Wednesday, November 28, 2018

Ready, Fire, Aim–Why Is Design First So Hard To Learn?

“Hours of coding can save you minutes of planning”

We’re talking about top-down design in my APCS Principles class this week. I gave the students a worksheet (part of the code.org curriculum which is really well done) that asks students to pair up and design the functions they would write for a given problem. The first question from a student? “Do we have to do the design before we write the code?”

Now you may be asking yourself – what sort of question is that? Of course you design first. That is not how students think some times. They want to jump right in and write code. It’s not that they know how to do it or that they have a design in their minds though. They want to try things and see what works. They are more into trial and error. They have high tolerance for error as long as they are moving forward and the development environment is not giving them error messages.

Now not all students are resistant to planning. Over time most students come around to the idea of design first. It can be a tough sale though. Design doesn’t have the same instant gratification that writing and trying a line of code does.

Back in the day (yeah, old guy reminiscing) we had long turn around between writing code and seeing results. We handed in our deck of punch cards and waited (hours or even days) to find out what worked and what didn’t. We really could not afford to skip the planning phase. We thought deeply about how things should work.  We closely desk checked code before submitting it and after getting early results.

Now I am not saying I want to go back to those days. (even though in weak moments I might think it would be good for students.) I do wish it were easier to keep students from writing code first though. I’ve tired having one student write a design and than having another student write code from it. The second student tends to mostly ignore the written design and do it their own way which may or may not look like the design at the end. Often it is easier to blame poor design than a failure toe follow the design. Students do want their programs to work and they don’t want to make peers look bad.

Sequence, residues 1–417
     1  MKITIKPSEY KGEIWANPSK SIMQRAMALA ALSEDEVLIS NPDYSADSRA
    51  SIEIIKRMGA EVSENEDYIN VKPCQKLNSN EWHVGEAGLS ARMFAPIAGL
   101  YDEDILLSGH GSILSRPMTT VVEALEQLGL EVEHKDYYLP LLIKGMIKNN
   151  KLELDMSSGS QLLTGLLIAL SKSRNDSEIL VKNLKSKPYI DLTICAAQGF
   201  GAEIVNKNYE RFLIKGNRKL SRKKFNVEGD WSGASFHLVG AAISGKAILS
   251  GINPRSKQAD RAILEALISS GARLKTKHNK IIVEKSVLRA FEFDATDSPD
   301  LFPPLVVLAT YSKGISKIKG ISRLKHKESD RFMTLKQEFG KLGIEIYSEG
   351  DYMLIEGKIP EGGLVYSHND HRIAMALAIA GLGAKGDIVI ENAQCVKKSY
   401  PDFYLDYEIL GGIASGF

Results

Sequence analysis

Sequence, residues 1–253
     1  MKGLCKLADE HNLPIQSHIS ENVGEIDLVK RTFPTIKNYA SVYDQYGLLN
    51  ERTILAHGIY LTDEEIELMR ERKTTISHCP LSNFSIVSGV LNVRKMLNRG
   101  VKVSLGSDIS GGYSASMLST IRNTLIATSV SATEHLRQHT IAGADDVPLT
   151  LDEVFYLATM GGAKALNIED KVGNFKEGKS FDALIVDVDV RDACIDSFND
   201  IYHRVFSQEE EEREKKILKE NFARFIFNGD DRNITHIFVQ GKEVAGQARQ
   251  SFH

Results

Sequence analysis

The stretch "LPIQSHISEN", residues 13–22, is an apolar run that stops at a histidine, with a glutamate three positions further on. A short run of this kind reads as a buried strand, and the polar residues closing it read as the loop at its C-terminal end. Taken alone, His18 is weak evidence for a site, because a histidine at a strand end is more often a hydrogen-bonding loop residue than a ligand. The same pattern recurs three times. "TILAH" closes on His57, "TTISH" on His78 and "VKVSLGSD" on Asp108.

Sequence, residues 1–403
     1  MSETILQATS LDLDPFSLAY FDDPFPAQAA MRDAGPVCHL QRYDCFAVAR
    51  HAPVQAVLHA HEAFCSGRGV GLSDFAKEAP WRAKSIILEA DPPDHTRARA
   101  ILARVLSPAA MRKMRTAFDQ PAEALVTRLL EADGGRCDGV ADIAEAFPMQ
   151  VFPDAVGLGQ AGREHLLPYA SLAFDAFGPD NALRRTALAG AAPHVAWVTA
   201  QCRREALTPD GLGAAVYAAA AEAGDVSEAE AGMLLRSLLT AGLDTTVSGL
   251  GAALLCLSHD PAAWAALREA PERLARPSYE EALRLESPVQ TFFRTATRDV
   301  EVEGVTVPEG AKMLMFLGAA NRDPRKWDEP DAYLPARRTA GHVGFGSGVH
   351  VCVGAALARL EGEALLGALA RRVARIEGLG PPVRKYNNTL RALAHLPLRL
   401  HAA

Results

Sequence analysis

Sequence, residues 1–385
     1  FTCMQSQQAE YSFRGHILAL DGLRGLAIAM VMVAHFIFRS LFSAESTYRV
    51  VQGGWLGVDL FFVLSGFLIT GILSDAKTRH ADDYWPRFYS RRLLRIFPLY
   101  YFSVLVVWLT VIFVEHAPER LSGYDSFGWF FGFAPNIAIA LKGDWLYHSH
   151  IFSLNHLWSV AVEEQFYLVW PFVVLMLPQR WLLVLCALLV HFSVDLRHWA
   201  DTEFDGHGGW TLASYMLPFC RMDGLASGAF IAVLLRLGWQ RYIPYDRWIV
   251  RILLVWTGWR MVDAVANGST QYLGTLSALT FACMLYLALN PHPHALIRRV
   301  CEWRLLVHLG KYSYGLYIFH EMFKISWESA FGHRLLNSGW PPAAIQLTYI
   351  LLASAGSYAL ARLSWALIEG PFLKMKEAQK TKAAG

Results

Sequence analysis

What I am trying to do more and more is to model design thinking myself. We create programs as a class and I work though the design before showing code. For example, we are working on a program to give and score quizzes. We worked though a discussion of what a question class would look like. What data would it store, what functions would it need to support, and how would it be used?

I can force students to write out designs. And they’ll try. Over the years though what seems to influence students most is what they see me do.  If I get lazy they’ll get lazy. If I take shortcuts they’ll take short cuts. If I use good practices though so will they. If I model design, planning for expansion, and show that I am thinking beyond the near term so will they. I keep reminding myself of this.

Leading by example is the best tool of all.

2 comments:

Mr. Scholten said...

So true and well said! While I love to see student enthusiasm, encouraging them to take a step back is needed.

The "think out loud" method seems to get some students to plan, but it is hard to slow down a confident student that gets most programming challenges right away. I find that some of the sites like projecteuler.net and open.kattis.com with problems that are more challenging show some students the need for planning.

Garth said...

Kids want to be at the computer working, not at the table with pencil and paper. I also started in the punch card days were programming was not an immediate result event. Wouldn't this be a crazy idea, have a delay on the computer output of say 2 hours? Drawing a house with the turtle? Find out your programming result tomorrow! No more trial and error at the keyboard. Probably not be a big seller. I hear so many times "the kids today ..." and then some statement regarding patience or expecting instant gratification. I think those same kids were around in the punch card days, they just were not working on computers. So how do we get planning to be a first step? Lots of experience is the only way I can think of. By the time they are in their 40s or 50s they might realize the importance of planning. Winging it is just so much fun